Attention-deficit hyperactivity disorder (ADHD) in girls is a topic of growing research and clinical interest. For many years, girls with ADHD have been ignored and overshadowed by hyperkinetic and impulsive boys, but they are now attracting interest in an effort to understand the similarities and differences in the prevalence, symptoms, familial risk, comorbidities and treatment of ADHD in the two sexes. A review of past and current literature finds that the symptoms of ADHD are not sex specific, but that identification of girls with ADHD is hampered by parental and teacher bias, and confusion. Girls are more likely to be inattentive without being hyperactive or impulsive, compared with boys. Girls and boys share the same familial risk patterns, as well as similar, although not identical, comorbidity or impairment patterns. The risk of non-treatment is as great in girls as it is in boys; up to 70-80% of identified children will have persistent symptoms and impairment that extends into adolescence and adulthood. Treatment modalities are equally effective in girls and boys. Stimulants, non-stimulants and behavioural modalities are the mainstays of effective treatment.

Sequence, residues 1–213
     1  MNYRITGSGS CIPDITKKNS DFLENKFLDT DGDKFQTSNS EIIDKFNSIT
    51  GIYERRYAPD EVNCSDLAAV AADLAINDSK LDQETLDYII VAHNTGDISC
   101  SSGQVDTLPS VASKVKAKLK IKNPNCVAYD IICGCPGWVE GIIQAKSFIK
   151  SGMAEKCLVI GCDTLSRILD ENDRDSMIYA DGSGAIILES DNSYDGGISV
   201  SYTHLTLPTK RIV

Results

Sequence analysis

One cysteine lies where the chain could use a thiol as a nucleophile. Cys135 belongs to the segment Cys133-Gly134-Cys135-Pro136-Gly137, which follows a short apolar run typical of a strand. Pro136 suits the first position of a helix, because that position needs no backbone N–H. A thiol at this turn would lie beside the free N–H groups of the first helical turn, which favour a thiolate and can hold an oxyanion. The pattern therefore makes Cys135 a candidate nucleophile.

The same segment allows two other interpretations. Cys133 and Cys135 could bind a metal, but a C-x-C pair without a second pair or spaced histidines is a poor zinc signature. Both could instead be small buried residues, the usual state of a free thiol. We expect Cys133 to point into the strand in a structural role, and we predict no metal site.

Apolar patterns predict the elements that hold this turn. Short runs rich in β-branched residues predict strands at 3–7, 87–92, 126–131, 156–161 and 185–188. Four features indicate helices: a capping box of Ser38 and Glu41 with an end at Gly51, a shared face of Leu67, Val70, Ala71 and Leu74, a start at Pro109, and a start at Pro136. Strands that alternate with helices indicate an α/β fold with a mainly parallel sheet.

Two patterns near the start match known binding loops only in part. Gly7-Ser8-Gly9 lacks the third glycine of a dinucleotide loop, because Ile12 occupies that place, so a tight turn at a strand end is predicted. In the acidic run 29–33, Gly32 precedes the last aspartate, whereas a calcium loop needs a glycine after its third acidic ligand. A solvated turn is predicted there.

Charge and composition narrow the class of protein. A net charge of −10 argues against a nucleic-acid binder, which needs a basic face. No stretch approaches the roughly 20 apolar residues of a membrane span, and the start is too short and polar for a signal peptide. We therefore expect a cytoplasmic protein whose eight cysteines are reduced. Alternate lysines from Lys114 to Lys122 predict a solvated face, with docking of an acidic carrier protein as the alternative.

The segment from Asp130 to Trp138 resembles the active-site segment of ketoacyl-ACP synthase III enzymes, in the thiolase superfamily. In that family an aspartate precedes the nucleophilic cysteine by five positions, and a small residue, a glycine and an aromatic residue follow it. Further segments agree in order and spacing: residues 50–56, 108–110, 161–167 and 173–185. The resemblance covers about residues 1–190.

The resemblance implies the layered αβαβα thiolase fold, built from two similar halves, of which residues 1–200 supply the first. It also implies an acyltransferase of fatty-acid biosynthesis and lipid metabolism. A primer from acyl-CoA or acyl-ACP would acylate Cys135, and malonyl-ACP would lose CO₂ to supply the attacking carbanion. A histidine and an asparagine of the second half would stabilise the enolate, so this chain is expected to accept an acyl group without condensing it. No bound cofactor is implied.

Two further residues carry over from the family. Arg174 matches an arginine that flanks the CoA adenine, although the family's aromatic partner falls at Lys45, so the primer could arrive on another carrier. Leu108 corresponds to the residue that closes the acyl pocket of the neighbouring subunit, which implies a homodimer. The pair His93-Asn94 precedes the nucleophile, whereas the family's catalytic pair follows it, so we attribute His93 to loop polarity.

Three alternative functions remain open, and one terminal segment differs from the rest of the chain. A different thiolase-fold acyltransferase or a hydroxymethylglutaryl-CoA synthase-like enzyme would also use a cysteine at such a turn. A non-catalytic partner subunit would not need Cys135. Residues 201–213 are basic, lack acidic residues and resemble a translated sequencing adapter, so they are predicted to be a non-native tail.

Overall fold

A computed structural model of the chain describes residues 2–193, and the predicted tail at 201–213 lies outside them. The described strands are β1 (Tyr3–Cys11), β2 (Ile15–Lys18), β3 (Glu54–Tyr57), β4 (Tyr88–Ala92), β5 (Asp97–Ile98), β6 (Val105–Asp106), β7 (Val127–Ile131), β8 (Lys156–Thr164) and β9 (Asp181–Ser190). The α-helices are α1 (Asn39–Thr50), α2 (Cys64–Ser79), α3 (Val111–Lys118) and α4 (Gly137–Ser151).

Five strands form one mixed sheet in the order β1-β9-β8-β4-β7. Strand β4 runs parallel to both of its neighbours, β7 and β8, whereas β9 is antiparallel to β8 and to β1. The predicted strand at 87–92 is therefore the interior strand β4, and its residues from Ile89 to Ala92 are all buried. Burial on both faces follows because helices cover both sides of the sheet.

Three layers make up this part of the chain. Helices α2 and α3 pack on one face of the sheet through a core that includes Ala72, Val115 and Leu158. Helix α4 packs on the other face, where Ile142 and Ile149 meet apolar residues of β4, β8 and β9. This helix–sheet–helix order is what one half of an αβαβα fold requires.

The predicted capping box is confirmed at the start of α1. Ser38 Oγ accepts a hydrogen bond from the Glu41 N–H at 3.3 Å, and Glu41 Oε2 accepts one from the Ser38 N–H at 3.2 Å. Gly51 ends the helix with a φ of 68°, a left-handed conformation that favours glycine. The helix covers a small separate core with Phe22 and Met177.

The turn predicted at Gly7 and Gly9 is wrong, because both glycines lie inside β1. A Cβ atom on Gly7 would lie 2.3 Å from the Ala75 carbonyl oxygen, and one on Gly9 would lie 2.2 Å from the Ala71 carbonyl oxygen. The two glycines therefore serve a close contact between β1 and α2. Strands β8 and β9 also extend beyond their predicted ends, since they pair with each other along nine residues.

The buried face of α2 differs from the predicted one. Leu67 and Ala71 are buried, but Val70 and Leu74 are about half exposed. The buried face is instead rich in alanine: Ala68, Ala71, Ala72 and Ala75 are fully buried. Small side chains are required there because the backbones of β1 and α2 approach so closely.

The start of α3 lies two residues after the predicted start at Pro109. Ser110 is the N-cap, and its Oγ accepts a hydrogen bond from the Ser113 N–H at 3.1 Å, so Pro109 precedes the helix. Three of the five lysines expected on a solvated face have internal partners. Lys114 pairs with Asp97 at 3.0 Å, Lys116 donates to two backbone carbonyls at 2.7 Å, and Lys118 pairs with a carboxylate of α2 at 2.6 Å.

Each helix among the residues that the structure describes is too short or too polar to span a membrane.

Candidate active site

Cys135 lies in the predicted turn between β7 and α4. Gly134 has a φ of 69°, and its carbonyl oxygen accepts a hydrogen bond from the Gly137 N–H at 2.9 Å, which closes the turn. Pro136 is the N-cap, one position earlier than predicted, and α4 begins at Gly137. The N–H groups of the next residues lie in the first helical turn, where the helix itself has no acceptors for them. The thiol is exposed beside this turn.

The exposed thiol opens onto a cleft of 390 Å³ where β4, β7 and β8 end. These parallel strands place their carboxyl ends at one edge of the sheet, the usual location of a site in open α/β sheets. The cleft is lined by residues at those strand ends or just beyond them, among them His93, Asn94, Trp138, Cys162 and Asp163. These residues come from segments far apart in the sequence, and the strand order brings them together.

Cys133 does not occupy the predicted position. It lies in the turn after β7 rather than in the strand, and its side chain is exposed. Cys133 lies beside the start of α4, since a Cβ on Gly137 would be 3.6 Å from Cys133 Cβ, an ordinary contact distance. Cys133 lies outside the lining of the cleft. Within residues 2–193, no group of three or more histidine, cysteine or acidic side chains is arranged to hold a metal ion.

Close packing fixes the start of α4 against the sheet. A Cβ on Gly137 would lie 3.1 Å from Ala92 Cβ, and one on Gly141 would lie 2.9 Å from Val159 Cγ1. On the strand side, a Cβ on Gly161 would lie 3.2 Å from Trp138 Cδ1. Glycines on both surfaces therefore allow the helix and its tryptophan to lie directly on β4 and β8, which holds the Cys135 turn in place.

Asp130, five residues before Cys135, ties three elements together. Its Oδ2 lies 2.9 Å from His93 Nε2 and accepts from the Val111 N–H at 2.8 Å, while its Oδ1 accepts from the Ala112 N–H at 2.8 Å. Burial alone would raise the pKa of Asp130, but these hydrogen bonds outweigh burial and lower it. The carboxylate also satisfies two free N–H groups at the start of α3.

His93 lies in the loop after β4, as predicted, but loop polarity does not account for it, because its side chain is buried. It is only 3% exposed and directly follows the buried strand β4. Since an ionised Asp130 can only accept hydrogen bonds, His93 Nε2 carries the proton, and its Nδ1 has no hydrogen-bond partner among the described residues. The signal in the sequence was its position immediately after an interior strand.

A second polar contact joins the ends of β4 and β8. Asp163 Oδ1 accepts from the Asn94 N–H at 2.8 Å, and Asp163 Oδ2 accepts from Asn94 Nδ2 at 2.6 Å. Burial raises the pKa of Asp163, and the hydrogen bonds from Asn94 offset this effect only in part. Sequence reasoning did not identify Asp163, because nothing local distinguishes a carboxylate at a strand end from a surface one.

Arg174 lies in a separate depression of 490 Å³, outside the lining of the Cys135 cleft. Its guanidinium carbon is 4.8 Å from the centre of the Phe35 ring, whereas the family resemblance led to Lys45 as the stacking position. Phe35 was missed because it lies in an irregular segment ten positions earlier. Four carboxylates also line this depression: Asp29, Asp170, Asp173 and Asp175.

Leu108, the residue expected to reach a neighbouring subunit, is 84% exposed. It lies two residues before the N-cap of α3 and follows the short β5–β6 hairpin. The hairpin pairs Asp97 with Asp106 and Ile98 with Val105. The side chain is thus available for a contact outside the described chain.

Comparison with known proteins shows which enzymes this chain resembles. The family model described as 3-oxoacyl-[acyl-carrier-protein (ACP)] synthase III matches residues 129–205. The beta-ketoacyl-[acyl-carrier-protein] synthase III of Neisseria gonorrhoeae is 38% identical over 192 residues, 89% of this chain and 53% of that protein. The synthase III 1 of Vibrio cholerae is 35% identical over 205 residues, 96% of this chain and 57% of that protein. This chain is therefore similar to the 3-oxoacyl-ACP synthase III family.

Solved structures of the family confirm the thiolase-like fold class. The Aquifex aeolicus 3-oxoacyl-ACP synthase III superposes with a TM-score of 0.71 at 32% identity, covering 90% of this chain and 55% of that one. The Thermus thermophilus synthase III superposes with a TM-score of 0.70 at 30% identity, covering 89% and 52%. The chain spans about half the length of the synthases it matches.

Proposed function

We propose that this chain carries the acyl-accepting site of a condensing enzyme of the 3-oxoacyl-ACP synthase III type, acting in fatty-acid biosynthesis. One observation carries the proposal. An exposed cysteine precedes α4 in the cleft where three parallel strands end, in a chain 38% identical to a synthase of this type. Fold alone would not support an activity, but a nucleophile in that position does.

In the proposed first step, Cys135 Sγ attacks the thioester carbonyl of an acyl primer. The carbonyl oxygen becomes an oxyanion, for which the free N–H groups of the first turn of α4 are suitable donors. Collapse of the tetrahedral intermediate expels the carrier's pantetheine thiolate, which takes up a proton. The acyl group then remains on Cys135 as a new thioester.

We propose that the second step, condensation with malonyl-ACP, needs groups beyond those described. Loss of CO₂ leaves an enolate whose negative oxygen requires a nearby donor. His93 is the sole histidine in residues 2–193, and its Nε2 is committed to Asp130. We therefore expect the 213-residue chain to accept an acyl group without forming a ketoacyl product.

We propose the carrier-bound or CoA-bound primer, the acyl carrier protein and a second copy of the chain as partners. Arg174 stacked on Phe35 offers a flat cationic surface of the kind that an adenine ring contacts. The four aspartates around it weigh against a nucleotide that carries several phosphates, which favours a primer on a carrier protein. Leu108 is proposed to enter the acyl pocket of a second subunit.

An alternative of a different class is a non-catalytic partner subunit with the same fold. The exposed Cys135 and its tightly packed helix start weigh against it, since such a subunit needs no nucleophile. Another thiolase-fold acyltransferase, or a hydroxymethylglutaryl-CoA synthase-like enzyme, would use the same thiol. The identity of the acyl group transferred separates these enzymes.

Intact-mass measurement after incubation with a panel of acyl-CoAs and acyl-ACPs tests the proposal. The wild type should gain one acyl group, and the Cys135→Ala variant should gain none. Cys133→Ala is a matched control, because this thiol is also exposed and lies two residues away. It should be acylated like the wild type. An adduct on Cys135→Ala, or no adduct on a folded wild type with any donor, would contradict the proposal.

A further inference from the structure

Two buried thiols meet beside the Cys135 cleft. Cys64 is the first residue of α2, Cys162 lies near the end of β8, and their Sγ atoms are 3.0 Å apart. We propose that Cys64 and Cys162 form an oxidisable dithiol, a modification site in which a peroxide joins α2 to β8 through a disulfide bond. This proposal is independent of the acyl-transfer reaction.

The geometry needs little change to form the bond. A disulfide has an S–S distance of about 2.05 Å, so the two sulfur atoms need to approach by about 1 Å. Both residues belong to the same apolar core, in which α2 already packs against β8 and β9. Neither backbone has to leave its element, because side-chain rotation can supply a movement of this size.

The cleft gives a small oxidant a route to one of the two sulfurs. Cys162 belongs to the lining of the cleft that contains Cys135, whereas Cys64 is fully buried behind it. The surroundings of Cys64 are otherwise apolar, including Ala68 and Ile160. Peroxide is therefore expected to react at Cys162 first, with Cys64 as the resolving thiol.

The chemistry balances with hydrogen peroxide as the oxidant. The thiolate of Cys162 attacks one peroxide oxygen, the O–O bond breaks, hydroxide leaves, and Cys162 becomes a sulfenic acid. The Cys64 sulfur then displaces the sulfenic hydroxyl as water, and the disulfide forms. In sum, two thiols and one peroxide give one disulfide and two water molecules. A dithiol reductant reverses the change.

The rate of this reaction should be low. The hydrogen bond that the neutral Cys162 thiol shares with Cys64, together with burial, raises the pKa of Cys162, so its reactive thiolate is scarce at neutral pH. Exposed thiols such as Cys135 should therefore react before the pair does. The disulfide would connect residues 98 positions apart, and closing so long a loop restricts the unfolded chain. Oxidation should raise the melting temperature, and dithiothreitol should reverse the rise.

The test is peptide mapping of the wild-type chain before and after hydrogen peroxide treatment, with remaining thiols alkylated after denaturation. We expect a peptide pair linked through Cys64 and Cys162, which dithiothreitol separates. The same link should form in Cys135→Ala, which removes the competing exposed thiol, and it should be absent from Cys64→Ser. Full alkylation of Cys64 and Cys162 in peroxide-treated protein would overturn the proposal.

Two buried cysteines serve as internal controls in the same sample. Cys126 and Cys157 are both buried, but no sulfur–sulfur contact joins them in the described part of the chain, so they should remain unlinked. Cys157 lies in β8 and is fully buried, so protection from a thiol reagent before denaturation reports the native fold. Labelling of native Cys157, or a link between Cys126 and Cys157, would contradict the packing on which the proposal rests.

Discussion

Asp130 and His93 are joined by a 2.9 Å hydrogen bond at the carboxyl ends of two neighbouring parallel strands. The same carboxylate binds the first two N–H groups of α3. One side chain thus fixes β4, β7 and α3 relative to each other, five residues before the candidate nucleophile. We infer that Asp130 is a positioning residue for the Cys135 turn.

"A.J. Porter et al. 6 hyperactive/impulsive or combined subtype, whereas females typically express the predominantly inattentive subtype (Staller and Faraone, 2006). Males with ADHD also have a higher incidence of other externalised disruptive behaviours (Rucklidge, 2010)a n da r em o r es u s c e p t i b l et od i s o r d e r so f excitability and movement, such as Tourette'ss y n d r o m eo r Parkinson'sdisease(Haaxma et al., 2007; Shulman, 2007). "
"Some studies find that more women than men are diagnosed with ADHD in adulthood (Groenewald et al. 2009) and that women are less frequently diagnosed with H/I-symptoms in childhood than males (Rucklidge 2010). Girls with ADHD are also reported to suffer from internalizing symptoms of anxiety and depression and comorbid mental disorders more frequently than boys (Staller and Faraone 2006), although it is questionable whether these differences are maintained in adulthood (Quinn 2008). In a study of adult ADHD, Grevet et al. (2006) found no significant sex differences as regards ADHD subtypes or psychiatric comorbidity. "